Tonight I am fortunate to be sitting outside on my patio in Arizona, basking in the glow of a brightly illuminated full moon and listening to the coyotes howl. According to my husband’s quick google search, coyotes are more active during a full moon because it provides better hunting conditions, so more activity leads to more howling. I have often wondered if the full moon also causes changes in human behavior? According to our Village Staff, they think there is a correlation.
Psychology Today reports that in a University of New Orleans study, 81% of mental health professionals believe that lunar cycles affect human behavior. In his 1978 best seller, “How the Moon Affects You,” psychiatrist Arnold Lieber argued that because our human bodies are 65% water, the moon has an effect on us similar to its pull on the ocean’s tides. Everything from increases in violent crime and psychotic behavior to stock market fluctuations has been blamed on the fully illuminated moon. And while these superstitions are widely held by the general population and some professionals, scientists who have investigated the connection have come up empty handed. University of Sydney researchers have found no link to the moon’s cycle in two separate studies, and a University of Saskatchewan review of over 100 studies of lunar cycles and behavior found nothing to suggest that humans are affected by the Earth’s moon.
No doubt our ancestors used the moon for both a calendar and a night-light. A bright moon has been shown to disrupt sleep, and this can lead to more irritability. Could this be why our Village staff report getting more complaints during a full moon? Many of the more numerous complaints this time of year deal with animals: raccoons nesting and having babies in attics, neighbors feeding the raccoons, skunks acting “crazy” and possibly rabid, dead deer on private property mysteriously moving themselves into the right of way overnight, deer breaking their legs because of leaping over untrimmed tree stumps. These are but a few of the actual phone calls received at Village Hall during a recent full moon. I know for certain that the coyotes are acting up tonight in Tucson. Maybe the wildlife in Long Grove is feeling a bit “luney” tonight as well?
Having lived in Long Grove for 17 years now, I’ve had many different types of strange and exciting wildlife encounters. One creature that I have not seen yet, however, is a wild turkey. Recently, fellow resident and friend Jodi Smith posted a picture on facebook of a just such a bird, strutting across her back yard, near the forest preserve. So cool, and certainly something that we don’t see every day!
I used to sometimes see red foxes cutting through our neighborhood, and I have also spotted the occasional weasel. Living close to a creek means that I’ve encountered a number of snapping turtles over the years, and some of them have been as large as a dinner plate. One spring, a momma snapper crawled up the creek bed into my next-door neighbor’s yard and laid her eggs in a nest that she dug overnight. It just happened to be near the bus stop for Country Meadows, so the kids and moms alike were entertained watching her industrious labor. Later in September, the eggs hatched and we were again treated to the bus stop spectacle of many, many tiny baby turtles emerging from a hole in the ground to march, one by one, back down to the creek. How did they instinctively know the way? Another one of nature’s mysteries, I guess.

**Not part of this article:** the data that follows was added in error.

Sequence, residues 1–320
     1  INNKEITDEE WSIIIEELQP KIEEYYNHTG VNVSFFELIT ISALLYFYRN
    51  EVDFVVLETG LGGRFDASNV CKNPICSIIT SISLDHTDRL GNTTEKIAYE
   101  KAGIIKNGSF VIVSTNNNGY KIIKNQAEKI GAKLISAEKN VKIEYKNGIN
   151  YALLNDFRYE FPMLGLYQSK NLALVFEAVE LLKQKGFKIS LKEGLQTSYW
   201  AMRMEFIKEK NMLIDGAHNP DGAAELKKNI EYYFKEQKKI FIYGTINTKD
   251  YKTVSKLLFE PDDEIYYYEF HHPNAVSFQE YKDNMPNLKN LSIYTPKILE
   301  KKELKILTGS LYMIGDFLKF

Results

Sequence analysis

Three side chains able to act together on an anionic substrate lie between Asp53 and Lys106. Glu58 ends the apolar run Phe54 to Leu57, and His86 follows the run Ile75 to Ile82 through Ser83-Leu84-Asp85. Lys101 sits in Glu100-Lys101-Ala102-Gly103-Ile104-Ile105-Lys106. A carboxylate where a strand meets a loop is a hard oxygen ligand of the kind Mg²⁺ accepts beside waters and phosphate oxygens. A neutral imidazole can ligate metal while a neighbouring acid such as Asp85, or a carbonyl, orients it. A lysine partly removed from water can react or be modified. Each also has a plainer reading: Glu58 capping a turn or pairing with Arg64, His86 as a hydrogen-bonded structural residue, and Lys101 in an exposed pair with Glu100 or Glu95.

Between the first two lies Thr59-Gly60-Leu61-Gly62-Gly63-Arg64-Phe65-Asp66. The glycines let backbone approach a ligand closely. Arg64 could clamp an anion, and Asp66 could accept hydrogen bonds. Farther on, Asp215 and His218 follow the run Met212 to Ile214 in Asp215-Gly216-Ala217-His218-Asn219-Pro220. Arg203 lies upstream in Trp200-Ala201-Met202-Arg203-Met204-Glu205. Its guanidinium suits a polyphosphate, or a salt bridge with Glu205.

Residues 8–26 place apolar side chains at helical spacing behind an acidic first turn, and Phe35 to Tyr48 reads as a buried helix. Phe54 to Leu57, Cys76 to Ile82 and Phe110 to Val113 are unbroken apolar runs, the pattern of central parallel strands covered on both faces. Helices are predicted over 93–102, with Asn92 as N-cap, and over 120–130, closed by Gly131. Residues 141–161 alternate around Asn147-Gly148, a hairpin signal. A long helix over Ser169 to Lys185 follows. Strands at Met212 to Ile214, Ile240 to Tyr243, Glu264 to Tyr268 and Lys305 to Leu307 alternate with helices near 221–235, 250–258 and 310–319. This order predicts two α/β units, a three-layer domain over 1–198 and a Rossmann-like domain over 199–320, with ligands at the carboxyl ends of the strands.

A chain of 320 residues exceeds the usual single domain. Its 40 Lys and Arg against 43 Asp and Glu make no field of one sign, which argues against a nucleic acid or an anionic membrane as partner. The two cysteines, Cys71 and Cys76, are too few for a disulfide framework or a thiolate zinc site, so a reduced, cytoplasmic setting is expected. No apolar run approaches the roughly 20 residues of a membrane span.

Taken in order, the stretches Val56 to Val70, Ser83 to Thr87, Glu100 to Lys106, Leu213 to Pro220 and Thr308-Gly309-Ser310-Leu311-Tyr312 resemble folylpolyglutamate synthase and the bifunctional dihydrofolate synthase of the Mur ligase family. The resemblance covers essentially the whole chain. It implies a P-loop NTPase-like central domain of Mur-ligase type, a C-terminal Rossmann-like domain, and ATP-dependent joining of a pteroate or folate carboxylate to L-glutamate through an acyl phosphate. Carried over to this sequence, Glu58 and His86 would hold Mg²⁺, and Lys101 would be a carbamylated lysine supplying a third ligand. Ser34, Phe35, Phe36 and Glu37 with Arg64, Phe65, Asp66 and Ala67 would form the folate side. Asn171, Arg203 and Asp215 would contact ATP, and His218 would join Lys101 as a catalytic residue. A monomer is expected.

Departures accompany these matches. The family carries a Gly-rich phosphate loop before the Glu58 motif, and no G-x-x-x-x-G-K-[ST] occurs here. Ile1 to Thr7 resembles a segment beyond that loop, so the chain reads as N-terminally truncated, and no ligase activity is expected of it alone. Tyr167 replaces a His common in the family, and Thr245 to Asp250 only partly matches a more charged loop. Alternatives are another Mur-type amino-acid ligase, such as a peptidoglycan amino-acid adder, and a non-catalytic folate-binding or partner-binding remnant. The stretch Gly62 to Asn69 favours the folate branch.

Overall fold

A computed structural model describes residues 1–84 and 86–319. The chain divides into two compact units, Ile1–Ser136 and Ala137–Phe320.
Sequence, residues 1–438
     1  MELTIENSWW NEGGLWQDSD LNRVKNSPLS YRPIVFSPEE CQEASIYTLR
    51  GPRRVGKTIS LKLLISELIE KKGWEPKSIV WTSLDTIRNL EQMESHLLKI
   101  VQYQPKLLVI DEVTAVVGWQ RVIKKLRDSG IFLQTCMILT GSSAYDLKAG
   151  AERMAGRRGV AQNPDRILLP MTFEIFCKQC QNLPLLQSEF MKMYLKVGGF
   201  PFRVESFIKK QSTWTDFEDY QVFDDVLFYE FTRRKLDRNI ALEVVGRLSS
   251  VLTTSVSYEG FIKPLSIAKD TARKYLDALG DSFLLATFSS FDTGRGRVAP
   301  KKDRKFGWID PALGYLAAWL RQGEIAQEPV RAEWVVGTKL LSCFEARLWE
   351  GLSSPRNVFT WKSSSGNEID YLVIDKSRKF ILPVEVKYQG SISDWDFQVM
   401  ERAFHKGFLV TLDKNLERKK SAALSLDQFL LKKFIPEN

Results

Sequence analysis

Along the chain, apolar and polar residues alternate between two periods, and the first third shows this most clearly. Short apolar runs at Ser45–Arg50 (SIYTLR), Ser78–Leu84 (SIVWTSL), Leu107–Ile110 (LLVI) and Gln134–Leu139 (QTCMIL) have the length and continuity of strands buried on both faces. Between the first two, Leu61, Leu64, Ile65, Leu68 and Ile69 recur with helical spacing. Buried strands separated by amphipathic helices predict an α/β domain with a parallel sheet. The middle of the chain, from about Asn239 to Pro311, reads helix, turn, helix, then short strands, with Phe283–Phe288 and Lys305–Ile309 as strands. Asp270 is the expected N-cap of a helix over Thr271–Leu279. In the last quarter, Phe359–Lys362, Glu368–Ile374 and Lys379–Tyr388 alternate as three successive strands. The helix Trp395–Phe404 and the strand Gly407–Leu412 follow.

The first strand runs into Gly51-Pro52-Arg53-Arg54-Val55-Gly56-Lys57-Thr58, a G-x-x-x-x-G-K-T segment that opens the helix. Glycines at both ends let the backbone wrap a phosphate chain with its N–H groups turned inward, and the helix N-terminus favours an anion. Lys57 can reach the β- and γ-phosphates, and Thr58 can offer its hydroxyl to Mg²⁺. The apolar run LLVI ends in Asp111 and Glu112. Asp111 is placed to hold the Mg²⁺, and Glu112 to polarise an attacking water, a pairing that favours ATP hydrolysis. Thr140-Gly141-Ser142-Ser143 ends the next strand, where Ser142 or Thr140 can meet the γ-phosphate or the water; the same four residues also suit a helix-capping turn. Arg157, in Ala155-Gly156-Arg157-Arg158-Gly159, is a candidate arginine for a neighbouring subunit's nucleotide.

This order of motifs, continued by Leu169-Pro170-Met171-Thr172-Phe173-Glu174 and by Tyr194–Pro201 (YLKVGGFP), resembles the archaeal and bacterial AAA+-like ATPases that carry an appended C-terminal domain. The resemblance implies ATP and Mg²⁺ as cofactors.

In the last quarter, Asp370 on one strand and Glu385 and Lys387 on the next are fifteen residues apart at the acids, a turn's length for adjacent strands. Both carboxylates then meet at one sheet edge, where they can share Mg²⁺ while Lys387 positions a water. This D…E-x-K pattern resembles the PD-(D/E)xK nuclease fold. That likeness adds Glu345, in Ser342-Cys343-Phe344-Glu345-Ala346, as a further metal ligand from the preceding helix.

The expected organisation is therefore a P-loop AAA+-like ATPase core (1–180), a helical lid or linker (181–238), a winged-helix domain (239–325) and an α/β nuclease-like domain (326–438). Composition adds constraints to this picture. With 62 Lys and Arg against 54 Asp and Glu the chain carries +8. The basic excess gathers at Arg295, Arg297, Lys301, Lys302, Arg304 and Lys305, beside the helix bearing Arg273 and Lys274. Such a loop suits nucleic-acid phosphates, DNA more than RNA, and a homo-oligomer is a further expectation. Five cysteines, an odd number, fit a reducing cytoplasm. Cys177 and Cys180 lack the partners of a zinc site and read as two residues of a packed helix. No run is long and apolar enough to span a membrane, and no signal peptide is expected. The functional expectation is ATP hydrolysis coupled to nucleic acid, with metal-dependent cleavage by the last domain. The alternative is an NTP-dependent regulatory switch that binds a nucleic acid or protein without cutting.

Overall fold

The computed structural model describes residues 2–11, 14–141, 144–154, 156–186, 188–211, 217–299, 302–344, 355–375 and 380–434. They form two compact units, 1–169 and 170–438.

Deer and coyotes are common visitors to many of our Long Grove properties, and sometimes they co-exist peacefully, sometimes not. About ten years ago, I looked out my family room window to discover a newborn fawn, curled up under a tree in our back yard. It was Memorial Day weekend, and we watched and worried over that baby from a distance, as it seemed like the mother was never around and had possibly abandoned him. I have since learned that this is a common behavior for the doe to forage and leave the newborn fawn alone for long time periods. Eventually momma deer did shown up, and off they went into the woods. But it was not so happily-ever-after. Because of the warm weekend we slept with the windows open, only to be awakened at dawn the following day by the most blood-curdling braying sounds coming from the tree line next to our yard. A large coyote had the fawn by the neck and was carrying it off across our back yard! I screamed and the coyote dropped the fawn right next to our patio. In retrospect, maybe the coyote was a mother too, just trying to rustle up some breakfast for her children, but at the time I was more concerned with my young children waking up and having to see a dead fawn outside the kitchen window. Then something miraculous happened. As my husband was getting ready to relocate the carcass, the fawn seemingly rose from the dead, shook his head, and stumbled off into the woods to live another day. All that summer, we saw the same fawn and his mother hanging around our yard, and we enjoyed watching him grow. We named them Jesus and Mary. Jesus graciously thanked me for saving his life by eating my hostas, roses, and daylilies!
Sometimes our wildlife gets a little too close for comfort, as we discovered one spring when a raccoon decided that our attic would be the perfect spot to set up her nursery. Telltale sounds in the night led my husband to set up video cameras to survey the nocturnal goings-on. Yes, the joyous sight of a mother raccoon and her babies was captured on film for us to enjoy. I will never forget the fun of being in Arizona with the family for Spring Break, and watching footage of momma raccoon wiggle and shimmy her furry backside into a tiny hole in our shake shingle roof in Long Grove. The wildlife “experts” that we hired to relocate the varmints conveniently left their ladder against our roof for easy overnight critter access. Party at the Underwood’s while they are out of town! We even posted a video of it on youtube—raccoons are REALLY good at climbing a ladder.
Despite the occasional crazy mishap with our local creatures, I really do love being where the wild things are. One of the joys of living in our Village is having the opportunity to observe nature up close and personal. Wildlife can be unpredictable, but also endlessly fascinating.